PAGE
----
That said, I think for most of us, our religion does inform our politics.  Most religions have moral codes practitioners are expected to adhere to.  This plays out in culture in a wide variety of ways, and rarely good ones.  While in antiquity, my own religion was inseparable from the state, in modern times, the merging of religion and state invariably leads to rather a lot of oppression for anyone who doesn’t practice the state religion.  This was a major factor in the formation of the US (where I live), and is part of the reason why our country was set up to have a strict separation between church and state.  It’s to ensure everyone has the freedom to practice their religion in any way they choose.  Growing up with this has had a strong effect on me, and it’s only gotten more important to me as I’ve left Christianity.  We can see in various Middle Eastern countries the effect that Sharia law has had on the population–we’ve all seen the pictures of Iran in the seventies, where the women dressed like westerners.  Now, in many places, they must be fully covered and cannot leave their homes alone–they have much less freedom in that respect.  We can see the disastrous effects in our own country of merging religion and politics.  My home state has multiple examples of this, such as Kim Davis, the county clerk who refused to sign marriage certificates for gay couples, Matt Bevin, the governor who had the policy for how certificates are issued altered to accommodate her (we taxpayers are now paying her legal fees), and the debacle with the Ark Park.  We see this with the way Planned Parenthood and any clinic that offers abortion amongst their services comes under attack.  We see this in how in Texas, you must have a certain number of children or your husband’s permission to get your tubes tied (a friend of mine had to deal with that).

Arguably, this is all mixing religion with politics, which, frankly, is just a semantic difference. And many who argue for including politics in their religious practices would say they’re fighting against things like what I’ve listed, which is quite valid.  That said, and perhaps this is extremely naive of me, I think things like fighting for gay rights, fighting unfair racial profiling, and protecting reproductive rights–these are things that to me, that’s just doing the right thing.  There shouldn’t be anything political about it, and the only reason there is is because a bunch of asshats can’t keep their religion out of politics.  Are these hot button political issues?  Yes.  Should they be?  No.  People are people, and deserve to be treated equally.  Black men are unfairly profiled by police–we should be looking at why and how we can stop it because a healthy society protects everyone and treats them equally.  There is literally no reason why gay people should not be allowed to marry in the eyes of the state that is not a religious one.  While I can understand some of the concerns regarding abortion and it’s not a path I would choose for myself, there are cases where it’s medically necessary.  Not every pregnancy can safely be carried to term, nor should it be.  Should a child be brought into a world where its mother doesn’t want them?  How cruel.  Equally cruel is forcing a woman to risk her body and her life to carry a child they don’t want, especially in cases of rape.  If people didn’t mix their religion and their politics, issues like these (mostly the gay and reproductive rights stuff, I don’t think anyone hates black people on account of their religion anymore) would not be issues.  It would be a simple case of doing what’s best for society and the individuals involved.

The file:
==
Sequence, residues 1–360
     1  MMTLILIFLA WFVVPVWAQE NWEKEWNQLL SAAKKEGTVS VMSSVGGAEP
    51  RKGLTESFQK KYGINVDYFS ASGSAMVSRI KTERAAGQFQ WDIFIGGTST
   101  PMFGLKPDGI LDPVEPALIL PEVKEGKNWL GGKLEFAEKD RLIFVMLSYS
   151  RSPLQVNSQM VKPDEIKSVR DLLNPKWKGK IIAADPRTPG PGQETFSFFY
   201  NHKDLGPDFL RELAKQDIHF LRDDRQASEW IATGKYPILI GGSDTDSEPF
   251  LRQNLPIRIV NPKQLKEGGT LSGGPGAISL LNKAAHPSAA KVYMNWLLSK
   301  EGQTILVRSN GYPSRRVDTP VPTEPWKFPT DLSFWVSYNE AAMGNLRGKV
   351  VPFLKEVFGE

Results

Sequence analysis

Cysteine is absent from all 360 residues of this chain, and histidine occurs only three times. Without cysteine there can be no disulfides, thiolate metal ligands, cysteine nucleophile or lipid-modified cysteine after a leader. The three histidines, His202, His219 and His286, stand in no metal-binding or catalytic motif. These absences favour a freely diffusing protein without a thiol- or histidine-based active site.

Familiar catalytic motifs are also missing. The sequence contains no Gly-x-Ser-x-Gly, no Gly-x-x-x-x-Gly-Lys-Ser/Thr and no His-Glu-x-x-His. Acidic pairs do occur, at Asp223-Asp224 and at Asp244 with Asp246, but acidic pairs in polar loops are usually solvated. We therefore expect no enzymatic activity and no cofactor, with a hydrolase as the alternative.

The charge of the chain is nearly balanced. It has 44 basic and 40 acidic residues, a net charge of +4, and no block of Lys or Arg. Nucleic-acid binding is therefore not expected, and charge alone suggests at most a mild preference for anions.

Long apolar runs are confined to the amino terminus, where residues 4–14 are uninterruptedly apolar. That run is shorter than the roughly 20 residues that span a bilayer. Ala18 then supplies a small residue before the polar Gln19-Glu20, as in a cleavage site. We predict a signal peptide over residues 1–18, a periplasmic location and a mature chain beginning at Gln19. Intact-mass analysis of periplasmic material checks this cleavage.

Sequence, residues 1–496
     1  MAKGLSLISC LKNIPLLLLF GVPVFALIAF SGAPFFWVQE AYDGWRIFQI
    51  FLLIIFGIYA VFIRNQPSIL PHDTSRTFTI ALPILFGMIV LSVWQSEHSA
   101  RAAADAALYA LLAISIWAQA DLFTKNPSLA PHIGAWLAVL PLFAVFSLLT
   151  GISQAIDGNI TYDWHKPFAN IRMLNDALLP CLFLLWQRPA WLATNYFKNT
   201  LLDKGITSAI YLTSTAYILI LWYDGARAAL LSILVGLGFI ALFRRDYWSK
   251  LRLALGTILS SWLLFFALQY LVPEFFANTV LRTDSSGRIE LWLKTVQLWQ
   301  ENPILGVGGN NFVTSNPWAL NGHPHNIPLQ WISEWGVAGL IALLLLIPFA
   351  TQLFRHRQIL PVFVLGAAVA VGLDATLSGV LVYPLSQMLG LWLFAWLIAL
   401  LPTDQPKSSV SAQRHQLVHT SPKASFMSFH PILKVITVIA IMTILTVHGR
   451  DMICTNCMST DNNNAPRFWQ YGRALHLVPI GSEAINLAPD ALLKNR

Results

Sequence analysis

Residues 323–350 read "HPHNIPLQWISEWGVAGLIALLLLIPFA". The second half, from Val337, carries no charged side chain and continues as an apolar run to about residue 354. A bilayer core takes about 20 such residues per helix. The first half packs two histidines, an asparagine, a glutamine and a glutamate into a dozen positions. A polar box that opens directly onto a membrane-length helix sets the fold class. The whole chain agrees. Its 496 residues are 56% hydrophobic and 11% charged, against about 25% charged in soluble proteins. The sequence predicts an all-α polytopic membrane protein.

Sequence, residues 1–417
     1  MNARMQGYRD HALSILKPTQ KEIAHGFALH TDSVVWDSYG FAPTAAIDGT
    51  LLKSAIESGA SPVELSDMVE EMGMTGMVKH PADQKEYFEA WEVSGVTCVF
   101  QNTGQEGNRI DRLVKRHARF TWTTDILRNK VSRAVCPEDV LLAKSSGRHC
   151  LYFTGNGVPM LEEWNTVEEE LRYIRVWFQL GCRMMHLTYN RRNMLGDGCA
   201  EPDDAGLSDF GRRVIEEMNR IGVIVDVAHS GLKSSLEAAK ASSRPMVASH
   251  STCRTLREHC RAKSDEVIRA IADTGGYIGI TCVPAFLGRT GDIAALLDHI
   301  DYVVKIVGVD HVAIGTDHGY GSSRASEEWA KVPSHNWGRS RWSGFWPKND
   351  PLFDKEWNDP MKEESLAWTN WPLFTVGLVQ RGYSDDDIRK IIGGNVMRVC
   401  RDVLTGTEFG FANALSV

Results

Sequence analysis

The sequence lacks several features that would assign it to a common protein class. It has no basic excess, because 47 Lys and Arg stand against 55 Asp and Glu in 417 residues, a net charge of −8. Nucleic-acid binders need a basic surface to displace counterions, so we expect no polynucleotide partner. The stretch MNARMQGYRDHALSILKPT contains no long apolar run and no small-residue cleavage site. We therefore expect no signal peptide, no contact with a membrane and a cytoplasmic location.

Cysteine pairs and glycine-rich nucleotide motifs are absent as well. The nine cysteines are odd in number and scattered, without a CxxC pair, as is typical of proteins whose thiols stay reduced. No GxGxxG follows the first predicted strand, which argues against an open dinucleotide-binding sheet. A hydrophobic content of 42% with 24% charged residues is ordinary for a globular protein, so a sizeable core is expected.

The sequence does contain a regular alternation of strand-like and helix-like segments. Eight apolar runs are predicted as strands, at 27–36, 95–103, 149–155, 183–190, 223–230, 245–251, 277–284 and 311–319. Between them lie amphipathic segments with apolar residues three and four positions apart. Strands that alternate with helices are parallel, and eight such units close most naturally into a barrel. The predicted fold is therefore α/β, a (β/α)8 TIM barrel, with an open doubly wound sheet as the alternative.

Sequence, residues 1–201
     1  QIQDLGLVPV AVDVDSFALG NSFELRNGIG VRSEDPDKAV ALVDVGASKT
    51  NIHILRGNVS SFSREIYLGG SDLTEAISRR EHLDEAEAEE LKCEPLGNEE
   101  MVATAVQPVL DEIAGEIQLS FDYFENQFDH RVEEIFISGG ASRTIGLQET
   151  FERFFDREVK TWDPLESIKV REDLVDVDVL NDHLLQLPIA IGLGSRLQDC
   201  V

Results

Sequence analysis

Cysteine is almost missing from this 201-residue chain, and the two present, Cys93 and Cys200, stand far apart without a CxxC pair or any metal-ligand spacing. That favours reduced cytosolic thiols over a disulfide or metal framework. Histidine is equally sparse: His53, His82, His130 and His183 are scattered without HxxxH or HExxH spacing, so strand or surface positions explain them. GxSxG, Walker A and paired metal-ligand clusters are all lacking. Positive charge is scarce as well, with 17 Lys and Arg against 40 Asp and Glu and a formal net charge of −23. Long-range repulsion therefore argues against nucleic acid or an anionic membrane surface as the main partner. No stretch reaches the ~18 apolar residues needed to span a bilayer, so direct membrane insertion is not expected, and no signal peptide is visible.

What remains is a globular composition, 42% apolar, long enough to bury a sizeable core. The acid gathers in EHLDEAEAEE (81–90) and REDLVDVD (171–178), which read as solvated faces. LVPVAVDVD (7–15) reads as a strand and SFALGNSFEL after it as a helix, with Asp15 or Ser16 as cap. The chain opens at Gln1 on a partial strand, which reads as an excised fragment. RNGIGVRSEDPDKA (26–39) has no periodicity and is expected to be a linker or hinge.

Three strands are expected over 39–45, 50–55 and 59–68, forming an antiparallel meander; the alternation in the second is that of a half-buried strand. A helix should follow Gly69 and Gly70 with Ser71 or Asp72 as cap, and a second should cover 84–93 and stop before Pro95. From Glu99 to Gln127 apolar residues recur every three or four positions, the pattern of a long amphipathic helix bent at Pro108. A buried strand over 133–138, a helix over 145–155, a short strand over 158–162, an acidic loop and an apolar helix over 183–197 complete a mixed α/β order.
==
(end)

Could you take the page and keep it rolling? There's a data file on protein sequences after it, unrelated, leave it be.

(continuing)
And while doing the right and just thing is a part of my religion, as a polytheist, my religion is first and foremost about the gods.  By keeping my political views separate from my religion, it is easier to focus on those gods.  I am just one person, and a rather tired working person at that.  I can spend my energies promoting political agendas, or I can spend them communing with the gods and trying to become a better person myself.  I know which of those is healthier for me, and it doesn’t involve political agendas.  When I worship my gods, I want to focus on them, so I can get to know them better.  When I do ritual, I want to focus on my spiritual health and well being.  I’m not saying there’s no place for political views and whatnot in my life in general, but that place is not at my shrine or altar.